Filter monitoring through measuring the pressure drop
In each case, the pressure drop across the filter is measured ? so ?P between the filter inlet and outlet. However, the pressure loss over the filter also increases with the quantity flow. The ?P as a indicator of the contamination of the filter may therefore only be assessed in the defined operating state (flow and medium temperature). Filters for liquids can exceed the ?P limit due to brief pressure peaks. Due to inertia, these are not an issue for mechanical switches. For sensors, it is advisable to provide a short dead amount of time in the electronic evaluation (control).
Quadruple : Filter monitoring in hydraulic circuits
The return filters in a hydraulic circuit certainly are a special case. As the name suggests, these are in the return line, right before the oil flows back to the tank. There’s ambient pressure (atmospheric pressure) in the tank. Therefore ambient pressure can be present at the filter outlet. This simplifies monitoring, since a differential pressure sensor is now able to take over the measuring task. This has a favourable effect on the expenses of filter monitoring. On the one hand, these pressure sensors are less expensive than differential pressure sensors. On the other hand, you save on needing a pressure line from the filter outlet to the low-pressure connection of the ?P sensor. Temperature measurement of the oil is vital in hydraulic circuits. This permits the high viscosity of the hydraulic oil, that is still cold when starting, to be taken into consideration, thus avoiding false alerts. The hydraulic oil temperature is required to control the oil cooler. It includes a significant influence on the time over that your oil is used.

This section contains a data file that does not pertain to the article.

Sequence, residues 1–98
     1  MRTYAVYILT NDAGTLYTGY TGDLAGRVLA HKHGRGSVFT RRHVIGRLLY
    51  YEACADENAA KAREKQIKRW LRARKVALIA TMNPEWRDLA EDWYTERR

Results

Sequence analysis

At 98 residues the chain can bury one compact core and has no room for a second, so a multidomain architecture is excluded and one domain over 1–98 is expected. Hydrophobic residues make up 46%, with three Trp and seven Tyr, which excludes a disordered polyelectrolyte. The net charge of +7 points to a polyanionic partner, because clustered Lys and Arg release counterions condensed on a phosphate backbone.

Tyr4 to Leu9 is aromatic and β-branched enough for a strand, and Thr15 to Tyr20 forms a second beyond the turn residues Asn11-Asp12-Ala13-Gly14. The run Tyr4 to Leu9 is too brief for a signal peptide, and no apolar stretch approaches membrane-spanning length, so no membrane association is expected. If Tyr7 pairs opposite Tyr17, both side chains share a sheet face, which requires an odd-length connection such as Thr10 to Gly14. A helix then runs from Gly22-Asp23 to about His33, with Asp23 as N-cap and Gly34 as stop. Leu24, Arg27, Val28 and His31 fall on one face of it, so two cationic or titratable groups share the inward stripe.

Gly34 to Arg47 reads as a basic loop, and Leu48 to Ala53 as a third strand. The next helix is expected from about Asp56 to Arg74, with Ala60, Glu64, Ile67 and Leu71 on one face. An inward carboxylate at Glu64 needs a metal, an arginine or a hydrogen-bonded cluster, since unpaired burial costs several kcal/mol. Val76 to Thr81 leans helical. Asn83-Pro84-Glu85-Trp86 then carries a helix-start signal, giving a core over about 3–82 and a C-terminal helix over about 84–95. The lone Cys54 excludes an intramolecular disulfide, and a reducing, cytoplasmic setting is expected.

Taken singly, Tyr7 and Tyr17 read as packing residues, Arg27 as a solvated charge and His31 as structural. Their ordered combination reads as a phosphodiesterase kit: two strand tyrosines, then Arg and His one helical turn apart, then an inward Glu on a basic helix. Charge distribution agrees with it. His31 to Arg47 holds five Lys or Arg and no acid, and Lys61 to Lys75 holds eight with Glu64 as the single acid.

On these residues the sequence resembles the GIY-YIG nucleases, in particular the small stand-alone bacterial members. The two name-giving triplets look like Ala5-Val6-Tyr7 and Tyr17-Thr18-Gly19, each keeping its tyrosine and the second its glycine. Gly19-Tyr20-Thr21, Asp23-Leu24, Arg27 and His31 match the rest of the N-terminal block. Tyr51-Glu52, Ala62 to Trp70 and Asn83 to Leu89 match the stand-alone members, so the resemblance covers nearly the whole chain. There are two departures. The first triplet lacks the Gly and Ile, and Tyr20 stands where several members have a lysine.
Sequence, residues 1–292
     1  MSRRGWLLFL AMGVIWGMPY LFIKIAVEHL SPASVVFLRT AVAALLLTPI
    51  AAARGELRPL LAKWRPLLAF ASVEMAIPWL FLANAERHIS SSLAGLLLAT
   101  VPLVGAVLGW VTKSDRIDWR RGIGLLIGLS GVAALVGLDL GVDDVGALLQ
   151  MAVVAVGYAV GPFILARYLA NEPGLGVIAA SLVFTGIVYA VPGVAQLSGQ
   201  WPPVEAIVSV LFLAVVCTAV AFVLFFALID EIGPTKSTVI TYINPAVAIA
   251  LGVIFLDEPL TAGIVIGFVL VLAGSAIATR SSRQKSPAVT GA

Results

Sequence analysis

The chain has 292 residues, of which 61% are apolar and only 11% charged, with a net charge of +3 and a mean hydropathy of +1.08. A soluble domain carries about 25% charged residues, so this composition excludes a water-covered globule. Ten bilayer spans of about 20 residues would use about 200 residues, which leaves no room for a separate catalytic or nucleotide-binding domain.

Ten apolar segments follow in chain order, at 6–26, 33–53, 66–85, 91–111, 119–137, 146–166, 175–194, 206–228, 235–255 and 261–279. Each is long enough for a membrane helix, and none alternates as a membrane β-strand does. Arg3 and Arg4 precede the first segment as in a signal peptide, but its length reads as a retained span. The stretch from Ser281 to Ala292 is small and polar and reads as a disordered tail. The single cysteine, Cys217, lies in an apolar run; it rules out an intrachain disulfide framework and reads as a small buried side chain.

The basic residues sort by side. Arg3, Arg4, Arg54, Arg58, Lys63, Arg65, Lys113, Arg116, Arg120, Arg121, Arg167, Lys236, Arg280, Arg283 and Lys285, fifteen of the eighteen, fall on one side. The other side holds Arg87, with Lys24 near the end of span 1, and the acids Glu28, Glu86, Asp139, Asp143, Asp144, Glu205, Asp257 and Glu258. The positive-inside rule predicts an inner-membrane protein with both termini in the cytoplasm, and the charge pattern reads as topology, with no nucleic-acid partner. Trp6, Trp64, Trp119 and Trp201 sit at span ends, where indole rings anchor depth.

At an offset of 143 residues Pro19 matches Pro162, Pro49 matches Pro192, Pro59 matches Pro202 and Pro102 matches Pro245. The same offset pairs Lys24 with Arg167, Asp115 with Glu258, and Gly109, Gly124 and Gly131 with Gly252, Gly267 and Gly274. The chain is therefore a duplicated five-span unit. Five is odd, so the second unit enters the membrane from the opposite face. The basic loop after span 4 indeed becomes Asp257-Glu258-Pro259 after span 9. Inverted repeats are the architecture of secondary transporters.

Calculation of the excessive differential pressure as a result of high viscosity of cold oil
The trend in filter monitoring
Pressure sensor A-1200 with IO-Link
From ?preventive maintenance? to ?Industry 4.0? to IIoT cloud solutions ? you will find a demand for data everywhere. This could be seen clearly in the differ from traditional measuring instruments with optical displays to electrical sensors with analogue or digital output signals. When monitoring pressure filters, we can see the trend to replace the differential pressure sensor with gauge pressure sensors before and following the filter. This gives one both the system pressure and the pressure at the outlet of the filter, which a differential pressure sensor will not offer. The pressure drop, the difference between the two signals, is then calculated in the electronic control, in the edge computer or in the cloud.
Note
Besides pressure sensors for filter monitoring, the WIKA portfolio covers all relevant measurement parameters that are essential for controlling and regulating the operating states of a machine or system. Further application examples can be found on our website in the ?Industries? section.
Also read our article
Safe filter monitoring with differential pressure gauges